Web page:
new study shows that 52,404 new jobs came to downtown Chicago between 2002 and 2011 thanks to economic development investments, yet only one in four of
those positions went to city residents.
Suburbanites and people in prosperous Chicago
communities like Lakeview and Lincoln Park mostly gained those jobs, and residents in the city's predominantly black and Latino neighborhoods were largely excluded, the report issued Tuesday by Grassroots Collaborative found.
2004 to 2008, the city spent more than $1.2 billion in public, tax
increment financing (TIF) funds for these type of downtown, job creation
investments, according to the report called, “Downtown Prosperity, Neighborhood Neglect: Chicago’s Black and Latino Workers Left Behind.”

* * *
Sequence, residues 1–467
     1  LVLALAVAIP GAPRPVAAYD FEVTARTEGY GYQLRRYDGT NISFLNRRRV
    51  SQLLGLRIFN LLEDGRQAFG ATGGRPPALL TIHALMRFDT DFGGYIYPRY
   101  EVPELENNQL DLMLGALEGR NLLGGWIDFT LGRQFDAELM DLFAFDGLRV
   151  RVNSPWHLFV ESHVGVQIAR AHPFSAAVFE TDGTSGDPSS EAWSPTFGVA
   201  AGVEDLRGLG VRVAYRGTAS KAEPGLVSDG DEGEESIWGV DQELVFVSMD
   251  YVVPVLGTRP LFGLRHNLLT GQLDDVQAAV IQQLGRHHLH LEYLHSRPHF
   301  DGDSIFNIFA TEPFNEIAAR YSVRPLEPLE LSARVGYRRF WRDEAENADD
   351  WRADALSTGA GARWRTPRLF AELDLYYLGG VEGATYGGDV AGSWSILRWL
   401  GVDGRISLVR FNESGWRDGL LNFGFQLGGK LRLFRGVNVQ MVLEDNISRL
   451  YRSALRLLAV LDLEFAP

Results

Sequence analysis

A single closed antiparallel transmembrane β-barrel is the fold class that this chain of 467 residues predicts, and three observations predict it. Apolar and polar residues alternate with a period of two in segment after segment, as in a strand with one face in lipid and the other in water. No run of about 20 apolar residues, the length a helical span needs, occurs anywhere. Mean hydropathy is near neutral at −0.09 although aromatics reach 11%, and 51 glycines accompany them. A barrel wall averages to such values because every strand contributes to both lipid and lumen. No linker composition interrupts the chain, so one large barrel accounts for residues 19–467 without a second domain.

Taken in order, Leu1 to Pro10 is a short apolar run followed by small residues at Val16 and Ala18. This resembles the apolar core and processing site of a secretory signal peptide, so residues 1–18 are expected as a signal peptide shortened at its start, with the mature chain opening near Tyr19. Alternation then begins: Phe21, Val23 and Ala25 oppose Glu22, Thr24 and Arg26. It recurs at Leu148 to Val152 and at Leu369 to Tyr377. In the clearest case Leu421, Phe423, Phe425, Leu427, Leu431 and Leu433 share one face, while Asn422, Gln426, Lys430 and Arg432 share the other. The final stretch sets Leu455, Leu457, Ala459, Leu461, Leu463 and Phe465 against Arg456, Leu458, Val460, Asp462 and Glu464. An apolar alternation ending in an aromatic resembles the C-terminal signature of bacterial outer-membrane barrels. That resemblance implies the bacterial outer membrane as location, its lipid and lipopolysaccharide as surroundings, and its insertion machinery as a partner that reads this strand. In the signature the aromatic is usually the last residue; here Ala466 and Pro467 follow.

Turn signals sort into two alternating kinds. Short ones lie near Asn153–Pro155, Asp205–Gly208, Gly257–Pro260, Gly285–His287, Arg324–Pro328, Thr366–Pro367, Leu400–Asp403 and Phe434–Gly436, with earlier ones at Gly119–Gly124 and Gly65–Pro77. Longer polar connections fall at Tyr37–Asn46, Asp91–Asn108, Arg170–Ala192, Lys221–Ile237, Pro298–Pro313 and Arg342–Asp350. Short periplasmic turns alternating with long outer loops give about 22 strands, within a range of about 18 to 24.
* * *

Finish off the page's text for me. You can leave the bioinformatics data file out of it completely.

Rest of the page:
type of development creates disparities clearly along racial lines, and
the city should not be endorsing policies that shift more money to a
smaller group of the city," said Eric Tellez, research and data manager with Grassroots Collaborative, a coalition of community and labor groups. "For all of the city to do well, all of its residents need to do well.
Prioritizing downtown development to the exclusion of neighborhoods is
an economic development strategy that is failing most people in the